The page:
Linda writes that during her search for a dog trainer in her area, she came across information about teaching an "emergency recall," and wonders how this differs from a regular recall.
In a word, Linda, it doesn't. Various dog training businesses and Web sites list an emergency recall as a specially trained command to guarantee your dog comes in the event of an emergency. This is a new buzz term meant to grab the attention of the consumer.
The premise is that if you've taught your dog a regular recall ("Come!") and your dog responds to it only some of the time, then you need to teach this other thing.
In my opinion, if you've taught a successful recall and maintain it with regular practice in a variety of environments with top-level rewards given every time your dog comes to you when called, then you have done everything possible to create a reliable response in your dog to the "Come" cue.
Most trainers who teach an "emergency recall" are really just pairing a unique word with a high-level reward. If you yell "Cookies!" and your dog comes running, you already have what is described as an emergency recall. You've done the training without even realizing it!
The idea of needing to teach an emergency recall is a response to dog owners unknowingly ruining what once started out as a perfectly good "Come!" cue. We trainers know that in order to keep learned behaviors strong, we must reinforce them. This is particularly important with the recall. And quite frankly, it is a rarity to have a dog owner truly "get" that concept. Dog owners expect their dogs to respond to cues consistently, but often fail to be consistent about reinforcement or rewards.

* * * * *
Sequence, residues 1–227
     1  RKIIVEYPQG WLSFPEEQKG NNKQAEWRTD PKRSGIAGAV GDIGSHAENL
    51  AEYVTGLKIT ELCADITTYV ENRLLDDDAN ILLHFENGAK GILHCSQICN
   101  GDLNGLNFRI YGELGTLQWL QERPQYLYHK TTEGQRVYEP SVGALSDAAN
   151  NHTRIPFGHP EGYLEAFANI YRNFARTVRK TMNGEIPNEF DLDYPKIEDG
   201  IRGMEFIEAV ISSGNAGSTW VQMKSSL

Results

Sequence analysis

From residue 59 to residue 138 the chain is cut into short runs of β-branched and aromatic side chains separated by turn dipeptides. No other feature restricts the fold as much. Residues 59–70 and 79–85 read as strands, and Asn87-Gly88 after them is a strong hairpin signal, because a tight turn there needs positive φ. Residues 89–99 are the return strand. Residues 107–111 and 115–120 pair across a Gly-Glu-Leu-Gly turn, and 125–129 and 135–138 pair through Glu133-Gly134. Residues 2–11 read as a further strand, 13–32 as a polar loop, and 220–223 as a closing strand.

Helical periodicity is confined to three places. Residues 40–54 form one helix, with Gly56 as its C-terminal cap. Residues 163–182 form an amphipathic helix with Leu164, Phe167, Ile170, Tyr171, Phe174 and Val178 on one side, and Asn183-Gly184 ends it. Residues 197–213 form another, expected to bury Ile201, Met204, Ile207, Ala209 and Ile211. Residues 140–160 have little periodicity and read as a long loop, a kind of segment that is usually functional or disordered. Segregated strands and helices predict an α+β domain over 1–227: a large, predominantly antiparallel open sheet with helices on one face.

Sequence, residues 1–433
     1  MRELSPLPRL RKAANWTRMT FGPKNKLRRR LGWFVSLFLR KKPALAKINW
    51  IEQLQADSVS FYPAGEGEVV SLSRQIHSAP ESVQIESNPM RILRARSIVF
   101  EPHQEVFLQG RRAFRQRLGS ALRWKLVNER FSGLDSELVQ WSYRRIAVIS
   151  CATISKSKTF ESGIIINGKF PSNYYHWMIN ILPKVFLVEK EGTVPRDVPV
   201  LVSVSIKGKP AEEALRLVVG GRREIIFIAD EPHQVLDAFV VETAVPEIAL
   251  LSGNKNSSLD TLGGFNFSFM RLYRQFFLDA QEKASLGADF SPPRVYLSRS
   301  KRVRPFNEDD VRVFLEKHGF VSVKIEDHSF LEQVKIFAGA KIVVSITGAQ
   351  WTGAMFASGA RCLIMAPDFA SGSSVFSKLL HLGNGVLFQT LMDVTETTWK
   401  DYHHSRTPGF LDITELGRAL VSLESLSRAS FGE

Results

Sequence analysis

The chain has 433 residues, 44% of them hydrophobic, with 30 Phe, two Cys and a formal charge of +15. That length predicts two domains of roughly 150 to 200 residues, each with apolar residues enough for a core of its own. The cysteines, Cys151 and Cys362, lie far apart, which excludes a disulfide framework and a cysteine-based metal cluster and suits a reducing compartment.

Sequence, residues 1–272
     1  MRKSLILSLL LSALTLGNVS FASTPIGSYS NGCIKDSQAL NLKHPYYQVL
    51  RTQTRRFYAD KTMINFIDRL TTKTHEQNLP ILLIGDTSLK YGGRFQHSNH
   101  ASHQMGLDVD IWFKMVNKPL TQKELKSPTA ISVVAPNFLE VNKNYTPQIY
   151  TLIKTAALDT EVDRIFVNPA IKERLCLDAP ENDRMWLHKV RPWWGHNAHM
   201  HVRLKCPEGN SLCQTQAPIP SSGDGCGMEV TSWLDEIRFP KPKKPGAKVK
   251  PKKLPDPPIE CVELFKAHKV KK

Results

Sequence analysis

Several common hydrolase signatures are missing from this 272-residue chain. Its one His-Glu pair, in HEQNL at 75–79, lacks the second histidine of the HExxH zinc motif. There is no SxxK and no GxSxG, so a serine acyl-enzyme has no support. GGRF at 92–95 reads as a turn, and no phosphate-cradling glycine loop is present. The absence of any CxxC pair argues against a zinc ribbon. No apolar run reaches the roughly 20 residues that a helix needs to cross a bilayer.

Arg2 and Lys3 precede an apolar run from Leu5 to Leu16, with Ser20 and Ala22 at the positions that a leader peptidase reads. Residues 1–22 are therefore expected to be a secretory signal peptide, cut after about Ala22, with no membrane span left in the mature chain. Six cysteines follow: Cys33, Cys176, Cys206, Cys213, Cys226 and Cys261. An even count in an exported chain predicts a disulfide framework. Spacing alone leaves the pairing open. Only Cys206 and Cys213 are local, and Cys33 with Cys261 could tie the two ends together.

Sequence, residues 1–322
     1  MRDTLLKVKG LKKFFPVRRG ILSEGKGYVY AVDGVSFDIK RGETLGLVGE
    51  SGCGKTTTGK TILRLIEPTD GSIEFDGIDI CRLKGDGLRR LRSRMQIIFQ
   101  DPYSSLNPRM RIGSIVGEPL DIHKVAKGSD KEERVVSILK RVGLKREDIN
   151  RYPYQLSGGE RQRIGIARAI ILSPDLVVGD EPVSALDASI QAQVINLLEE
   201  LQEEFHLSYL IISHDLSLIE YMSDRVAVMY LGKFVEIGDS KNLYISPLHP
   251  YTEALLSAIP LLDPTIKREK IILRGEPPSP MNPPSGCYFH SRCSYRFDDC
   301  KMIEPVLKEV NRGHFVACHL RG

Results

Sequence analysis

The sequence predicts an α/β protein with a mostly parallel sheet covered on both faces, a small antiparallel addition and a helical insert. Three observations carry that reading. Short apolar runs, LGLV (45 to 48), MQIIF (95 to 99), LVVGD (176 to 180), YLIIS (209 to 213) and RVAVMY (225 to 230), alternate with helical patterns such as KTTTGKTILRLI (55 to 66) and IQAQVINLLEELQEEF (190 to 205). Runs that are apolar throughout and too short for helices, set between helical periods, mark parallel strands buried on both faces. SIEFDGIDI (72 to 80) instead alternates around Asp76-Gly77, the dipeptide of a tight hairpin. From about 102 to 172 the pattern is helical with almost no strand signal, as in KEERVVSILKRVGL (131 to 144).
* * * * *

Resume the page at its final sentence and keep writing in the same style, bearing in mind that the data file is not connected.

Another common mistake: Owners call their dog to "come," when they really want him to do something else. An example is using the "come" cue to imply other things, like walking with you, jumping up into your lap, or moving in or out of a gate or door.
When we use one cue to mean a variety of things, the dog becomes confused about what you really are asking, and begins to ignore that cue. This is described as a poisoned cue.
If you teach your dog to sit, and over time fail to reinforce it, the response to your "Sit" cue can become weak. Dogs are reliable at repeating behaviors that benefit them, so if over time the dog finds there is no benefit to responding to your "Sit" cue, the dog's response will become slower or the cue will be ignored altogether. This may not be considered a big deal when talking about the "sit" cue, but it becomes much more important when it is applied to the "come" cue.
I describe the recall as being an "expensive behavior." It's important to the owner that the dog comes every time when called, and it may be a potential lifesaver when used to call a dog away from danger.
So choose a trainer, Linda, who will show you how to positively and accurately teach your dog to come to you when called by teaching you to consistently reinforce and reward that desired behavior. Use whatever cue you decide on to mean only one thing "Come to me and get a great big exciting reward every time!"
Lisa Moore's pet-behavior column appears once a month on the Weekly Pet Page. Write to her in care of LifeStyles, The Modesto Bee, P.O. Box 5256, Modesto 95352.